Keep reading... Show less
Food
daryl_mitchell / Flickr / CC BY-SA 2.0

Urban Gardening 101: How to Deal With Contaminated Soil

By Brian Barth

Urban soils are particularly prone to contamination. Fifty years ago, your yard could have belonged to a farmer, who, perhaps not knowing any better, disposed of old bottles of anti-freeze or contaminated diesel in a hole out behind the tractor garage. Or perhaps the remains of a fallen down outbuilding, long ago coated in lead-based paint, was buried on your property buy a lazy contractor when your subdivision was built.

Keep reading... Show less
Climate
High-tide flooding in Miami, FL, a state that could lose more than 10 percent of its residential properties to chronic flooding by 2100. B137 / CC BY-SA 4.0

Sea Level Rise Could Put 2.4 MIllion U.S. Coastal Homes at Risk

More than 300,000 U.S. coastal homes could be uninhabitable due to sea level rise by 2045 if no meaningful action is taken to combat climate change, a Union of Concerned Scientists (UCS) study published Monday found.

The study, Underwater: Rising Seas, Chronic Floods and the Implications for U.S. Coastal Real Estate, set out to calculate how many coastal properties in the lower 48 states would suffer from "chronic inundation," non-storm flooding that occurs 26 times a year or more, under different climate change scenarios.

Keep reading... Show less
Climate

NASA Climate Scientist Warned Us About Warming 30 Years Ago

Climate science marks a troubling anniversary this week: in June of 1988, NASA scientist James Hansen told Congress that global warming had already begun to affect the world and would only get worse.

Keep reading... Show less
Sponsored
Climate
Pixabay

4 Ways You Can Make a Difference on Climate

By Jaime Nack

"Where do I start?"

Whatever the forum, whatever the audience, it's always the first question I hear when I talk to people about sustainability and personal impact.

Keep reading... Show less
Renewable Energy
Minnesota Senate Building solar array ribbon-cutting ceremony on May 10. MN Administration / CC BY 2.0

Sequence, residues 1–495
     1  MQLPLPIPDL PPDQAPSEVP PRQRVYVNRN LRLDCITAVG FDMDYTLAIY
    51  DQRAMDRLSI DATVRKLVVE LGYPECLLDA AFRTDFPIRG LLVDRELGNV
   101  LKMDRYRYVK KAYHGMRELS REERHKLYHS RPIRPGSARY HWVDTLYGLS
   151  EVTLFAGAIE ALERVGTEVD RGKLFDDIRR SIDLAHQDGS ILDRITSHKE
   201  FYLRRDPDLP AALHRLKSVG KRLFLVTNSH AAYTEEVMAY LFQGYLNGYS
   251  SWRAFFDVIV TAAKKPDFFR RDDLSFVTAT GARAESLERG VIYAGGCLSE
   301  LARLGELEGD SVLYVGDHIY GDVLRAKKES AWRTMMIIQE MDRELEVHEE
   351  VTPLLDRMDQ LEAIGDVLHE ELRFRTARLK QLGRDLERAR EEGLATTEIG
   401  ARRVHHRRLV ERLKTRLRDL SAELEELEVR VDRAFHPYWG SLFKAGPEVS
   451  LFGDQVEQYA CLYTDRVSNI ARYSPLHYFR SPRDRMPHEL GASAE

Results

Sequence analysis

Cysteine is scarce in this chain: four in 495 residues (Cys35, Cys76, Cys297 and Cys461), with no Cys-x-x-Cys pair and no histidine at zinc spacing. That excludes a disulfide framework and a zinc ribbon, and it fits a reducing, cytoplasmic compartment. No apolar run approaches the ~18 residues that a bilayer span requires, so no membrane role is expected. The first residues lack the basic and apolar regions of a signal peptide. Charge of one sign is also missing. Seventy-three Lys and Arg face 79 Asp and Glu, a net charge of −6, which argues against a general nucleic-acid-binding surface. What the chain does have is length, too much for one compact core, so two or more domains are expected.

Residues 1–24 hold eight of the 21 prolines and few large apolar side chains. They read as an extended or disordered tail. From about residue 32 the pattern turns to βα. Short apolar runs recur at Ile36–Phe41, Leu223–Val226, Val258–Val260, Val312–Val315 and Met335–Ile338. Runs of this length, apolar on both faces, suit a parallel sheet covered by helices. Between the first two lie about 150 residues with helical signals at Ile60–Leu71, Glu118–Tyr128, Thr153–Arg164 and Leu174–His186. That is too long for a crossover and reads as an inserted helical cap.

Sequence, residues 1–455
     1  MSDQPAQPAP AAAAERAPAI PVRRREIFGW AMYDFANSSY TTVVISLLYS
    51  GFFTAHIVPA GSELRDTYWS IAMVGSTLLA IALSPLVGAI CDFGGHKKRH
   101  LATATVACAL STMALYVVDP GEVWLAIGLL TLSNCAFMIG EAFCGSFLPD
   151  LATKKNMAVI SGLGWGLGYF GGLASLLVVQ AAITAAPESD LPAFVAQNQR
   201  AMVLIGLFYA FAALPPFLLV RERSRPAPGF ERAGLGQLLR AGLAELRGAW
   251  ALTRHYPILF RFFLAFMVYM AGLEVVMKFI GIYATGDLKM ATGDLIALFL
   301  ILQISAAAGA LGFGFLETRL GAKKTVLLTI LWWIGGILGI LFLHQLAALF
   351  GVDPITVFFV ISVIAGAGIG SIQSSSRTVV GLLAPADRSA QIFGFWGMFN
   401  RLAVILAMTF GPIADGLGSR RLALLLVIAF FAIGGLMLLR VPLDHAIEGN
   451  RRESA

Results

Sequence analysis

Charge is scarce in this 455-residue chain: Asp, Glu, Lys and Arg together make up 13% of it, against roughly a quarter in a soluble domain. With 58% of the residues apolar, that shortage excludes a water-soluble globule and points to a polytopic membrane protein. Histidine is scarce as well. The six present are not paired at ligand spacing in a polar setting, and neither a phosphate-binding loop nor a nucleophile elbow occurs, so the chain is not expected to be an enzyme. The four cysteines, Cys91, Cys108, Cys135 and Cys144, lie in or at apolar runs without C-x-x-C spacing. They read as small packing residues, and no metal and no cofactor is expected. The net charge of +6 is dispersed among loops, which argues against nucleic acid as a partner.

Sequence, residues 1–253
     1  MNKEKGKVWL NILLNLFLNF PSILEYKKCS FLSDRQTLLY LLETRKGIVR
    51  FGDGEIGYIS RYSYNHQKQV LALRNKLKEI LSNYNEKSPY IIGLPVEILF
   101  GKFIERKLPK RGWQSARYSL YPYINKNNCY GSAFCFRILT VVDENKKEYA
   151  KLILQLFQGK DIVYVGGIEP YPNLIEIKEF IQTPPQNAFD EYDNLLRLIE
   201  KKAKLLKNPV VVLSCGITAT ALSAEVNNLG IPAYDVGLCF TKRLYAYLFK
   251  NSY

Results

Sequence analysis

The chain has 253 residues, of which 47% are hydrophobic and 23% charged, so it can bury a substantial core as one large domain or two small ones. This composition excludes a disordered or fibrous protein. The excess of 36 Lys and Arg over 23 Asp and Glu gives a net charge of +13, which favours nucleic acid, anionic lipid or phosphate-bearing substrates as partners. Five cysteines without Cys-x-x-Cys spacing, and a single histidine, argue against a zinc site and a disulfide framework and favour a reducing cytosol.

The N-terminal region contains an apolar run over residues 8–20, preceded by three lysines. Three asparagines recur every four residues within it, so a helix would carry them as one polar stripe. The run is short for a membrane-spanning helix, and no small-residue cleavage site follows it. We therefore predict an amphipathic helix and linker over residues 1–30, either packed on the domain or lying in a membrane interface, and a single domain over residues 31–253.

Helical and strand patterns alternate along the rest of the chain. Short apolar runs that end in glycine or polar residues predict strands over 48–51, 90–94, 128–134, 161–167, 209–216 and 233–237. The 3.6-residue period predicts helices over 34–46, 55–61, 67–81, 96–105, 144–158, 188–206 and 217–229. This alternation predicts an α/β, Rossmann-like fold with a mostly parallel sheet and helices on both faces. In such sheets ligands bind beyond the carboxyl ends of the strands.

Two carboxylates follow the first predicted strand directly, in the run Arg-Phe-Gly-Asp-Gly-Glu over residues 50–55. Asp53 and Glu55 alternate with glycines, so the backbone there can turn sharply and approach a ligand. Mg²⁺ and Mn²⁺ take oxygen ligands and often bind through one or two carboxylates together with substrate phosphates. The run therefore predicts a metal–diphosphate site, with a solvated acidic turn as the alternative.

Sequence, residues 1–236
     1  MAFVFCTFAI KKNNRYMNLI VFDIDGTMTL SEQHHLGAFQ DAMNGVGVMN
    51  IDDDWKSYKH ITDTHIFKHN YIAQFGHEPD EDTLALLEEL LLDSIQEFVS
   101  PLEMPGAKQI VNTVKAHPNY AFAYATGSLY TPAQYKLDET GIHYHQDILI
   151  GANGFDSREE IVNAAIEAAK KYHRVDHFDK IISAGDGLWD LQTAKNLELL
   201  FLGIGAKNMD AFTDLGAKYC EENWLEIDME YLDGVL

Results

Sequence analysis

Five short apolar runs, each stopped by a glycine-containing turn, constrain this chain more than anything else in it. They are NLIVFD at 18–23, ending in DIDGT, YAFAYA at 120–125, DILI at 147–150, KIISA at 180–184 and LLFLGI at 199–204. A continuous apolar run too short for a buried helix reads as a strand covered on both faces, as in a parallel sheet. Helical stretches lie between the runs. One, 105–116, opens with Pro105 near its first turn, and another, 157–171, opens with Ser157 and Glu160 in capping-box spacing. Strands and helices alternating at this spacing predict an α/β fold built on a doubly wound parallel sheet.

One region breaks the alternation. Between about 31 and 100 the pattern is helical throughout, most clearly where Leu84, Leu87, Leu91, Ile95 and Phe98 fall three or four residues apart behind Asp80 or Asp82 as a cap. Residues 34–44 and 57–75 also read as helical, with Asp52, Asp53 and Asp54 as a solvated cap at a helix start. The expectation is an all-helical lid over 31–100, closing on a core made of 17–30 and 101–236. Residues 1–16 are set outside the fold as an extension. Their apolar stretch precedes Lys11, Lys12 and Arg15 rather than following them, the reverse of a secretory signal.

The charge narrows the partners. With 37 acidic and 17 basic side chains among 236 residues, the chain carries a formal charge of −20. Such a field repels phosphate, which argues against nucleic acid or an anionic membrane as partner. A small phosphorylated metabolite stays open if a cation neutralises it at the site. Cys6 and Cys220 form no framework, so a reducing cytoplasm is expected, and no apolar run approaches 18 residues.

U.S. Sees Steady Solar Growth Despite Trump, But China Slashes Subsidies

By Andy Rowell

Donald Trump can't stop the sun from shining. Despite the climate denier's pro-fossil fuel agenda, and despite his tariffs on imported solar panels, the U.S. still installed more solar than any other source of energy in the first quarter of the year.

The amount of solar power installed in the U.S. climbed 13 percent in the first quarter, according to the trade body, the Solar Energy Industries Association (SEIA).

Keep reading... Show less
Sponsored
Politics
frankieleon / CC BY 2.0

How a Minor Change to EPA Rules Could Slash Environmental Protection

By Joseph Aldy

Since the Reagan administration, federal agencies have been required to produce cost-benefit analyses of their major regulations. These assessments are designed to ensure that regulators are pursuing actions that make society better off.

In my experience working on the White House economic team in the Clinton and Obama administrations, I found cost-benefit analysis provides a solid foundation for understanding the impacts of regulatory proposals. It also generates thoughtful discussion of ways to design rules to maximize net benefits to the public.

Keep reading... Show less
Popular
E. Kahl / National Park Service

America’s Most Obscure Desert Is in Alaska

By Michael Engelhard

Time slipping, a tabula rasa. Footprints erased, slopes advanced, ripples unsculpted. A whole world recast by whims of weather. Besides snowfields and foreshores, few landscapes appear so clean-cut and subtle. Here, emptiness is the main attraction.

Keep reading... Show less
Sponsored

mail-copy

The best of EcoWatch, right in your inbox. Sign up for our email newsletter!